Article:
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The Woodworking Blogs Aggregator
This "aggregator" collects all of the woodworking blogs I read every day - or try to anyway! Enjoy!
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Today’s woodworker has a lot more help when it comes to working out the tricky angles of some furniture joints, roof geometry or the wind and rise of a set of stairs he is constructing. Back in the day, school geometry lessons fed straight into the knowledge needed in an apprenticeship and carpenters found themselves learning on the job and learning what was needed to be able to draft calculations in their heads.
A lot of this knowledge has been lost as technology has taken over somewhat, but I find myself increasingly fascinated in the various calculations one can learn to estimate precise cutting angles.
Following on from my post about French ‘guitardes’ and ‘L’art du Trait‘, I have been researching knowledge about plane geometry and it’s use in carpentry and joinery.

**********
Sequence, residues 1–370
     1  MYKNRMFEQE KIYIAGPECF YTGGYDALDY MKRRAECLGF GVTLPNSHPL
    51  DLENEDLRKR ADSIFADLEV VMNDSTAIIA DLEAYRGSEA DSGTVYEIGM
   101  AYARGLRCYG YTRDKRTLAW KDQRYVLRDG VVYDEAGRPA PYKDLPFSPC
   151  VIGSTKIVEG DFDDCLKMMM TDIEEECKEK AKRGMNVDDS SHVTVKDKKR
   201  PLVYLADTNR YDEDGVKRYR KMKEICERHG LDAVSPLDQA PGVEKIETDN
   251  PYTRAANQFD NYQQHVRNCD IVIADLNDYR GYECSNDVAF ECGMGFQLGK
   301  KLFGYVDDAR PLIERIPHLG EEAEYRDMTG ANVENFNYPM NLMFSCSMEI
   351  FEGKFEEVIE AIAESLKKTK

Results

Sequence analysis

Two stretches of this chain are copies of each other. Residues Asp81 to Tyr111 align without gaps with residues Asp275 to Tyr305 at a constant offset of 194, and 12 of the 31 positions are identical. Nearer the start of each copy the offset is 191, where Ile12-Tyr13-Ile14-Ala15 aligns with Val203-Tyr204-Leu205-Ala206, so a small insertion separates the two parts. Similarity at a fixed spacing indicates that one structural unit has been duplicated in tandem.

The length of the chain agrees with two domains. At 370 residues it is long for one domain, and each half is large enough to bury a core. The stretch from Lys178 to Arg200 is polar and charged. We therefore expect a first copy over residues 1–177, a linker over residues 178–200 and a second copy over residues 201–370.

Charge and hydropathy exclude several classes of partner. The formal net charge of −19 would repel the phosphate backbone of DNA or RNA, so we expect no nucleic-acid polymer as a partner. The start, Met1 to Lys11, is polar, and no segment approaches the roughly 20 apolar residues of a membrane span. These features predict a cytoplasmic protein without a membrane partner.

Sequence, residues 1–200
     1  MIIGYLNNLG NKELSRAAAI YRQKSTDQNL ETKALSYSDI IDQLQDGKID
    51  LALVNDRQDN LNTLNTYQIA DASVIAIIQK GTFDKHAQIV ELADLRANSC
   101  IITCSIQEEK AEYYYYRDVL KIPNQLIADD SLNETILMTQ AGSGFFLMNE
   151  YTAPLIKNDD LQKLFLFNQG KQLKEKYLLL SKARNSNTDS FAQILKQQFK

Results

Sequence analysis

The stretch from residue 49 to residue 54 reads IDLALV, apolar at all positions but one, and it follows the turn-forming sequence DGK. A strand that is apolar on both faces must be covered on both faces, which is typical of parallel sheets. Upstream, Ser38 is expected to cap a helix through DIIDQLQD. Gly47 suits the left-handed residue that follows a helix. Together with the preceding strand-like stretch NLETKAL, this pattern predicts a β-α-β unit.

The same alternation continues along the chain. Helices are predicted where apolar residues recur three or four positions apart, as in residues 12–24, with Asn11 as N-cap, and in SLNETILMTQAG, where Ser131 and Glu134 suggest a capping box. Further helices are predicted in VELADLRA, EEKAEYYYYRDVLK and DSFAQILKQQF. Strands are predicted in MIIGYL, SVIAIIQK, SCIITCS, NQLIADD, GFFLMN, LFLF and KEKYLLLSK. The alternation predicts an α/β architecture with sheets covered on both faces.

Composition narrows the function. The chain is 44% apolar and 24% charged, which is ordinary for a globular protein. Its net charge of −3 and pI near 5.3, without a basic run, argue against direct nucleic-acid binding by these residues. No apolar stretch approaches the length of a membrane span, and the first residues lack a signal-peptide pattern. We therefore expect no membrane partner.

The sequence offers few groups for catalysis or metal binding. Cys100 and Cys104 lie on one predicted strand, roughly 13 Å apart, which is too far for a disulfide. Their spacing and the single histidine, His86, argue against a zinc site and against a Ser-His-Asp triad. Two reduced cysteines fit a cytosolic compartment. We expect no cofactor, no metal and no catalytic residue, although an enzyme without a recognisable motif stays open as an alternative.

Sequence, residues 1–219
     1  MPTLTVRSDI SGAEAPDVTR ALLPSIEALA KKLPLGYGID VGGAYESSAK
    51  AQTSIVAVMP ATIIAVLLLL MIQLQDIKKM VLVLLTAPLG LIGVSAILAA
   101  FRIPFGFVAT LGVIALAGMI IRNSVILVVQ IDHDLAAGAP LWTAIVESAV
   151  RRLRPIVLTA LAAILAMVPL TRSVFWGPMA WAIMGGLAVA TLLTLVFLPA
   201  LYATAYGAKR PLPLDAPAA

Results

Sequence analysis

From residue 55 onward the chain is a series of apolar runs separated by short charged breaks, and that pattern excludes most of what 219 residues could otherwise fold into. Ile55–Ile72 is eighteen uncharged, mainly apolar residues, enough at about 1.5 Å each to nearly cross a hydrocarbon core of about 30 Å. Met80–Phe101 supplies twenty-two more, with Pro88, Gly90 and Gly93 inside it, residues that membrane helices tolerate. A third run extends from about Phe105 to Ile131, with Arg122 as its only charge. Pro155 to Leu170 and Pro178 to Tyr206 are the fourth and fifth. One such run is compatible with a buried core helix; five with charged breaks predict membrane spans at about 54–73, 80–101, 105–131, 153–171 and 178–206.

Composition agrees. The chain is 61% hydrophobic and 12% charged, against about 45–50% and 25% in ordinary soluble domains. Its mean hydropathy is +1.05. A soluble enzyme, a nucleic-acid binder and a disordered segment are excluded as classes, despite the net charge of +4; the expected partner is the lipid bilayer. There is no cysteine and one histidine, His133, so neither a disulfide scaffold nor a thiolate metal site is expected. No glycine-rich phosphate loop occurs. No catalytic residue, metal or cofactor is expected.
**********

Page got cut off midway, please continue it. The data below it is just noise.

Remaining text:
Over on ‘A Woodworker’s Musings’, D.B.Blaney not only seems to know a lot more about this in practice than me, but has also constructed some fine models. I love the pictures of loftsmen in the mould loft at Harland and Wolff shipyards. You can see the large drawings on the floor from the loftsmen.
I contacted Mr Blaney about this great post and asked if he had some reference on how to get re-aquainted with plane geometry and it’s use. He recommended some books:
A Treatise on Stairbuilding and Handrailing by W & A Mowat
A Builder’s Companion by Asher Benjamin
and also Chris Hall’s website, The Carpentry Way.
(I have also been told a recent book called ‘A Simplified Guide to Custom Stairbuilding and Tangent Handrailing‘ by George Di Cristina is also excellent)
This brought me onto Googling tangent stairbuilding and I hit upon a four-part series online by ThisIsCarpentry, which explains how geometry is used in tangent handrailing and crafting a proper volute.
Drawing a volute
Carving a volute
I’m sure there’s a lot more out there, any recommendations for making a start are gratefully received. I did also buy the new book from Lost Art Press, ‘By Hand & Eye‘, but overall I didn’t think it was put together very well, or was that helpful. I believe the authors are currently making an accompanying ‘workbook’ to explain the workings better. Read into that what you will, but not one of LAP’s better books, in my opinion.
Yup. “Men Defined: Nudes,” which is still available at Amazon. That’s not my writing, I promise. If I were to write an erotic non-woodworking book it would be about goats.